International Financial Law Prof Blog

Editor: William Byrnes
Texas A&M University
School of Law

Monday, December 24, 2018

What source of money do corrupt officials prefer: revenue form taxes or transfers (e.g. development aid)?

The capacity of Brazilian local governments to source tax revenue has a greater impact on education and on corruption than external transfers.

In developing countries, new sources of government revenue are often channeled into corrupt hands. A study in Brazil explored whether revenues sourced from taxes, as opposed to external transfers, was spent differently.

Tax Me, But Spend Wisely? Sources of Public Finance and Government Accountability American Economic Journal: Applied Economics, 2017, Vol 9 (1).

Online Appendix Data and replication code Working Paper Version Non technical summary (VoxDev)

Existing evidence suggests that extra grant revenues lead to little improvements in public services in developing countries--but would governments spend tax revenues differently? This paper considers a program that invests in the tax capacity of Brazilian municipalities. Using variations in the timing of program uptake, I find that it raises local tax revenues and that the increase in taxes is used to improve both the quantity and quality of municipal education infrastructure. In contrast, increases in grants over which municipalities have the same discretion as taxes have no impact on any measure of local public infrastructure. These results suggest that the way governments are financed matters: governments spend increases in tax revenues more toward expenditures that benefit citizens than increases in grant revenues.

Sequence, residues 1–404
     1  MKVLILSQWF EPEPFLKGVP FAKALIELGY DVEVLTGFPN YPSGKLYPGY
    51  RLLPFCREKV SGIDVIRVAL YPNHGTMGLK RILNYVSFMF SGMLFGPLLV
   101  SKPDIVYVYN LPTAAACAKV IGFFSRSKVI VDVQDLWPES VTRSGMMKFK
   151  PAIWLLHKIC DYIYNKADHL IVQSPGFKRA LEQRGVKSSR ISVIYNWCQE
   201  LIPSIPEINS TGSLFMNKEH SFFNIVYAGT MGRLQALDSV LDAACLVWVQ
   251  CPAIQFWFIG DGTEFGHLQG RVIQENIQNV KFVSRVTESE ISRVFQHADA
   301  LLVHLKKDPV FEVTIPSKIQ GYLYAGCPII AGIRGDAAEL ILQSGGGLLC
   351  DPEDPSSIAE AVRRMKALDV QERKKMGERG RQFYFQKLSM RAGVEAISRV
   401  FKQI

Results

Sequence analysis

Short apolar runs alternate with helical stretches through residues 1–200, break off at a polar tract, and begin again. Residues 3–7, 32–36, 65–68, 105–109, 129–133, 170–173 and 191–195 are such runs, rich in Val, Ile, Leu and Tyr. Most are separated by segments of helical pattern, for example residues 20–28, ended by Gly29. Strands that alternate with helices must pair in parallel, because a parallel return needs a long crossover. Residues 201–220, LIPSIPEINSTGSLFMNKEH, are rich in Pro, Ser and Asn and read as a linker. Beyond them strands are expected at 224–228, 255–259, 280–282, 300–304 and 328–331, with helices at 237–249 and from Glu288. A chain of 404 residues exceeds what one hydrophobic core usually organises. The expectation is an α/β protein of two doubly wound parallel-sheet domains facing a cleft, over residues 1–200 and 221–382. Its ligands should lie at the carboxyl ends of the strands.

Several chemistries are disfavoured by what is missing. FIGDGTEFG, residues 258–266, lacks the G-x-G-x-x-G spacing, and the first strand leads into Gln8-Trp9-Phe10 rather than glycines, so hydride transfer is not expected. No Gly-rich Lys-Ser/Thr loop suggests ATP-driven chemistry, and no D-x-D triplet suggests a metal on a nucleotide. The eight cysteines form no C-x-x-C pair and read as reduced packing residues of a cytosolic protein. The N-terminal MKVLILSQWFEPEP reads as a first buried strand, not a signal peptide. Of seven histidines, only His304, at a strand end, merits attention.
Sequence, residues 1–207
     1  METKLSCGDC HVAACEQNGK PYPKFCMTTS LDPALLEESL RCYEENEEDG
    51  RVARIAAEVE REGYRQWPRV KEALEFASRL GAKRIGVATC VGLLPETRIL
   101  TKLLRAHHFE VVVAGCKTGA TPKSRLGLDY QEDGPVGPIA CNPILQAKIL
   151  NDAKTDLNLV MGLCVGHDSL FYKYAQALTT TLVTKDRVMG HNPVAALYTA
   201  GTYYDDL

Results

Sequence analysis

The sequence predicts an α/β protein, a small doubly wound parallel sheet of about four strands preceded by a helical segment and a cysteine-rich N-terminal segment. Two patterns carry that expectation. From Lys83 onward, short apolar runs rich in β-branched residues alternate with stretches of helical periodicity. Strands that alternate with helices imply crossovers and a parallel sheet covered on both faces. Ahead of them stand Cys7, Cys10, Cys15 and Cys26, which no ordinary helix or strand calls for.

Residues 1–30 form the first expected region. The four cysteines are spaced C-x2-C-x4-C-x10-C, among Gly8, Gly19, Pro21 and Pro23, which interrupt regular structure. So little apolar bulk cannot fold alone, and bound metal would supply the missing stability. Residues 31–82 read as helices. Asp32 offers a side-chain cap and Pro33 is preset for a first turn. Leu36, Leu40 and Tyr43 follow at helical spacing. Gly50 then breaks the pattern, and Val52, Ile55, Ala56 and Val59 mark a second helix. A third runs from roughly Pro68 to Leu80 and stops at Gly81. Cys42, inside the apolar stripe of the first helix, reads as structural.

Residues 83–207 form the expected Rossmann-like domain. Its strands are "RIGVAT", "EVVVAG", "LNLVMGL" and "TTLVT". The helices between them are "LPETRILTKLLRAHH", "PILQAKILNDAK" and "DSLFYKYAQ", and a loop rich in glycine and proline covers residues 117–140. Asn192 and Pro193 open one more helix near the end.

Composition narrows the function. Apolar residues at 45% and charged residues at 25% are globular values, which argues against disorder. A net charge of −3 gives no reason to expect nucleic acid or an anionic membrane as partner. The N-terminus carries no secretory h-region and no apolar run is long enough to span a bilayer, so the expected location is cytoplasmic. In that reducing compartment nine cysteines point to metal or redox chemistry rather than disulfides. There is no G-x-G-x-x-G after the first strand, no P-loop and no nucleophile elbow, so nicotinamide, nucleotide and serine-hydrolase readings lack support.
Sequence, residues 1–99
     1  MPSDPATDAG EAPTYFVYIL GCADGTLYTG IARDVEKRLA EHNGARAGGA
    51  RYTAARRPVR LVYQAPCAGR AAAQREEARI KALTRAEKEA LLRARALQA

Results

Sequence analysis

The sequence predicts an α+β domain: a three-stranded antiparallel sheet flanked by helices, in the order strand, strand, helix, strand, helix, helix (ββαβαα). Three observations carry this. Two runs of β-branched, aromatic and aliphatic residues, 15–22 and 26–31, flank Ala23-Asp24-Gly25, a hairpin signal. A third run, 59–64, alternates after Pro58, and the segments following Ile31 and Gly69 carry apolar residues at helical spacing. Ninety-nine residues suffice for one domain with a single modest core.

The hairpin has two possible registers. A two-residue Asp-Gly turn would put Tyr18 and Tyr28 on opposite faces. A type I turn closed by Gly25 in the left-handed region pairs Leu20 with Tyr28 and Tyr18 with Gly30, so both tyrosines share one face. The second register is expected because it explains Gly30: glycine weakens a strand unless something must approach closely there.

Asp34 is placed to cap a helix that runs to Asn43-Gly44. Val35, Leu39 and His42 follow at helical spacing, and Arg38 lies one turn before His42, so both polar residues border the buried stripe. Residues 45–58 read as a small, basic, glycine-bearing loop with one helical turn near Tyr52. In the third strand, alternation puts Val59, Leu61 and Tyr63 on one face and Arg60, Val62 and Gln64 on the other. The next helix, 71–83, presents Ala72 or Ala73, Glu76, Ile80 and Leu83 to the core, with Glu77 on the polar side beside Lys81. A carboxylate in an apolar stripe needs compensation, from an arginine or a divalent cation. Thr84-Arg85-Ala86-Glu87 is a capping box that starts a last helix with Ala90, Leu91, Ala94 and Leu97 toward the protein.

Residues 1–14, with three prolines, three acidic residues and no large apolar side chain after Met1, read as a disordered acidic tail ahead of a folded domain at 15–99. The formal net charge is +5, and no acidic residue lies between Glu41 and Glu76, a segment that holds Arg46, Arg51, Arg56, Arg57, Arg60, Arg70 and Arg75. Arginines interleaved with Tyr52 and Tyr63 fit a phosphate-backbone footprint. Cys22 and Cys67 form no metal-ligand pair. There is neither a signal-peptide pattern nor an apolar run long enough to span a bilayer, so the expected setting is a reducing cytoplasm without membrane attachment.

Hat Tip: above provided by Dean Andrew Morriss of Texas A&NM University School of Innovation.

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